Gone are the sweet days of buying a property with the belief that property prices go only one way – up! The last 3 years have been a grim reminder that buying overpriced property can lead to losses. It’s critical to buy at the right price and it’s easy enough to check the going rates of any area today on the internet. What’s important to remember is not too get frazzled by the variance in prices you see across platforms for the same project. Take for example Golf Course Extension, – you’ll find sellers selling at Rs 7,200 per square foot, to Rs 9,000 per square foot for the exact same project. The layout, floor, view etc. could be responsible for a small difference, but not that huge. So use your Indian bargaining brain. You want to buy a 3 BHK? Take 10 apartments of 3 BHK in that project, and start your negotiations at the lowest price, and close the deal at not more than 10% higher. Remember there are many more sellers than buyers in the market today.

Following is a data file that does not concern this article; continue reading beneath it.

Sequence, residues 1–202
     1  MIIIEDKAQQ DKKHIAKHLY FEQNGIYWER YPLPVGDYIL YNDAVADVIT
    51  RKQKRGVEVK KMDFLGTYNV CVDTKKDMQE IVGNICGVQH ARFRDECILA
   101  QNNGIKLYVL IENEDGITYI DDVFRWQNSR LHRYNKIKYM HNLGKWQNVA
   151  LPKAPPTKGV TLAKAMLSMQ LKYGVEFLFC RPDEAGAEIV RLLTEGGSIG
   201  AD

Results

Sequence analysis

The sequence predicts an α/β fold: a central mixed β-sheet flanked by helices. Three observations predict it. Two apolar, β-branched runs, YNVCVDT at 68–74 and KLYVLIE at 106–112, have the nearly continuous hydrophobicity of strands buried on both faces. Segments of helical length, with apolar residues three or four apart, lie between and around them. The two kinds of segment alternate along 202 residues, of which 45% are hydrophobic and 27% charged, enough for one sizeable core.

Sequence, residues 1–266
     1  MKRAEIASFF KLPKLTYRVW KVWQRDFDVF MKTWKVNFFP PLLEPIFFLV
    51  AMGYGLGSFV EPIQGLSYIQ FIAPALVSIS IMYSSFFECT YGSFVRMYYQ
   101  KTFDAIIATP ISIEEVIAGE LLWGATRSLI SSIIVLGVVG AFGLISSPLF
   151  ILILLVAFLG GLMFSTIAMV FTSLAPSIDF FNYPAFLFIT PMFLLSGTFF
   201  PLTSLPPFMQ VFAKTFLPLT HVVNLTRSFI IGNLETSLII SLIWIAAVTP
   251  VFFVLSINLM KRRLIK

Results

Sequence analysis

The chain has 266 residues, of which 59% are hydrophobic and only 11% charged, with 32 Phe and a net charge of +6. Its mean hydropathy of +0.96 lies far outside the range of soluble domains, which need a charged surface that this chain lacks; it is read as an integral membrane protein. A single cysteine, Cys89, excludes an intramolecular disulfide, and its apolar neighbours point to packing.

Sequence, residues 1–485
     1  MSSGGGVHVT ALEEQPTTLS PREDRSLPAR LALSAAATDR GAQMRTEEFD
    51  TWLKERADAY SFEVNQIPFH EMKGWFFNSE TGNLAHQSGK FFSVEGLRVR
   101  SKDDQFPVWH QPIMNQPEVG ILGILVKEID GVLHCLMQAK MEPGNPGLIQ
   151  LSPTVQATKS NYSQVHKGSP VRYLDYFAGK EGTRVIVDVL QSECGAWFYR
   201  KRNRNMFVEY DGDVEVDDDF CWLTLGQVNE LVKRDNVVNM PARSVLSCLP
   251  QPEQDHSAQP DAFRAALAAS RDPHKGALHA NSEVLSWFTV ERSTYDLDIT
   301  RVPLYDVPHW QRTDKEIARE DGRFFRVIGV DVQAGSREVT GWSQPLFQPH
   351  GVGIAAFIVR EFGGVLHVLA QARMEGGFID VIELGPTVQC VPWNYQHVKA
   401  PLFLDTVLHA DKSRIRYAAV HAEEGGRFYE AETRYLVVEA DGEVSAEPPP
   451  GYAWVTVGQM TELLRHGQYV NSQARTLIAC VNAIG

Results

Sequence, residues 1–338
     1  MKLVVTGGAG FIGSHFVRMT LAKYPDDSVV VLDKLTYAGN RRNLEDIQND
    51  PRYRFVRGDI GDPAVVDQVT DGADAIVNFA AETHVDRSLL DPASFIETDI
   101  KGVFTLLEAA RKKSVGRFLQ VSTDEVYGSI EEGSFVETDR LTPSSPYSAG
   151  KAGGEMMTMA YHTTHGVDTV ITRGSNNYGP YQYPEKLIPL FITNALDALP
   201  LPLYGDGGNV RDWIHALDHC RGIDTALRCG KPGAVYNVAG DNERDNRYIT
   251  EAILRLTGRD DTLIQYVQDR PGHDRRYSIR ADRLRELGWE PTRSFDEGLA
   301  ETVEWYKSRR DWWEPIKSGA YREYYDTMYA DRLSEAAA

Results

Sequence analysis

"I think there are very exciting markets still in which you can get more than 10%, but you have to have patience. You have cherry pick based on infrastructure, employment generation and price points. Essentially you need to back your buys with a lot of research to make money on property." – Samir Jasuja, CEO, PropEquity
Grill the Builder
If you’re buying a ready-to move in flat, location and price is all you have to research and of course, fall in love with the property you’re buying. But if it’s an under construction or half-done flat, you’ve got to dig much deeper into the company’s financials, its reputation, its investors and its bankers. A lot of this is in news and just a Google search away. Don’t hesitate to ask for proof that there is enough money to complete the project – either through private equity or bank funding or their own cash. And if they try and convince you that your risks are taken care of because all that you have to pay is 10% now and rest on possession, do NOT fall for that gimmick – it’s simply not enough. You need the builder to tell you where the money is coming from, to complete the project.